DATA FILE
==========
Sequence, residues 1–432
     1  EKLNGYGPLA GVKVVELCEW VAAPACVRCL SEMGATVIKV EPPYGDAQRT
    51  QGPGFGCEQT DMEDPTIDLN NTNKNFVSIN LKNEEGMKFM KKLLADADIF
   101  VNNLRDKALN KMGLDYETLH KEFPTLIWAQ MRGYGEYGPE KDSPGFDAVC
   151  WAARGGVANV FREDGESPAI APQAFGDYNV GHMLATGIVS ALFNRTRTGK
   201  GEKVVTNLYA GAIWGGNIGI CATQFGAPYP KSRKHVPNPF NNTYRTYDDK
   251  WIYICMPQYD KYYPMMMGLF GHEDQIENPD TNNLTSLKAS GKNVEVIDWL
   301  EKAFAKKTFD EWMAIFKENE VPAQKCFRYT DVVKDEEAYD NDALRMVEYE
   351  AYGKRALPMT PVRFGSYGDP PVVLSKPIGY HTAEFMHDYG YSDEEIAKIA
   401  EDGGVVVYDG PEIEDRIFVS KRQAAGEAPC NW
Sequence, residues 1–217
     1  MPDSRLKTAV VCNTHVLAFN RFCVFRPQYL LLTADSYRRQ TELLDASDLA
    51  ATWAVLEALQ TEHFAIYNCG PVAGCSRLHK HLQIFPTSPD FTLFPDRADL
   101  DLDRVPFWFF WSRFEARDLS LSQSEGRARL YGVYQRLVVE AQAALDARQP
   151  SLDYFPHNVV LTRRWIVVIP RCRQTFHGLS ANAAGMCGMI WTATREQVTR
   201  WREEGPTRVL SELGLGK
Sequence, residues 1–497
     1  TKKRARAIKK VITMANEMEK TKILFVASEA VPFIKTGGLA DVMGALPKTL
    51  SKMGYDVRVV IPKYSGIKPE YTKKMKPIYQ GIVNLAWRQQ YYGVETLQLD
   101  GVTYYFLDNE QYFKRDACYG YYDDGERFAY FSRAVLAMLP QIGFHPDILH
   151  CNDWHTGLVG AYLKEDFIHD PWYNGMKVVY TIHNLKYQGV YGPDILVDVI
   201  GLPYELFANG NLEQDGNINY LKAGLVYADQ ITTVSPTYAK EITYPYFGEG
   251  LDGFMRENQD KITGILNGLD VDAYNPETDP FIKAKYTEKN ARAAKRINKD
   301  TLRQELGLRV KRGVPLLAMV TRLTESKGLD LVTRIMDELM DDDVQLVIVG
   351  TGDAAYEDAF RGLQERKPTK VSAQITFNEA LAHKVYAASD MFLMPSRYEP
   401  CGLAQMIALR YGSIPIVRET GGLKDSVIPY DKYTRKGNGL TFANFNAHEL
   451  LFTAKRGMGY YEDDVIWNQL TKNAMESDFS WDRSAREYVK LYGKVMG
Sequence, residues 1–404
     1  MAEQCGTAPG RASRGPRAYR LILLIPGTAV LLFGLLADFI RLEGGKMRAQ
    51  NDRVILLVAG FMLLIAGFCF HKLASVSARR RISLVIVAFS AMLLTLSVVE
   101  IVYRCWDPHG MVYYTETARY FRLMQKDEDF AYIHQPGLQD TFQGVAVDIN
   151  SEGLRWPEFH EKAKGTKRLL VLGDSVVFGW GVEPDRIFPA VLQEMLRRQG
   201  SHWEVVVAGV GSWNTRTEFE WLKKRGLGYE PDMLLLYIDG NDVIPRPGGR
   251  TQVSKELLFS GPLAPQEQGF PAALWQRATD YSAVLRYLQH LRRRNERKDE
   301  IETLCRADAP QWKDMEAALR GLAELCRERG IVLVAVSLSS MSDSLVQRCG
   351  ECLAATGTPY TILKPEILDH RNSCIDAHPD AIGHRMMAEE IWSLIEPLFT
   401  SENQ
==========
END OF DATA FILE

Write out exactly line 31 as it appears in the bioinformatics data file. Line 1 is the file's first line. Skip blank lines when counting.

   101  IVYRCWDPHG MVYYTETARY FRLMQKDEDF AYIHQPGLQD TFQGVAVDIN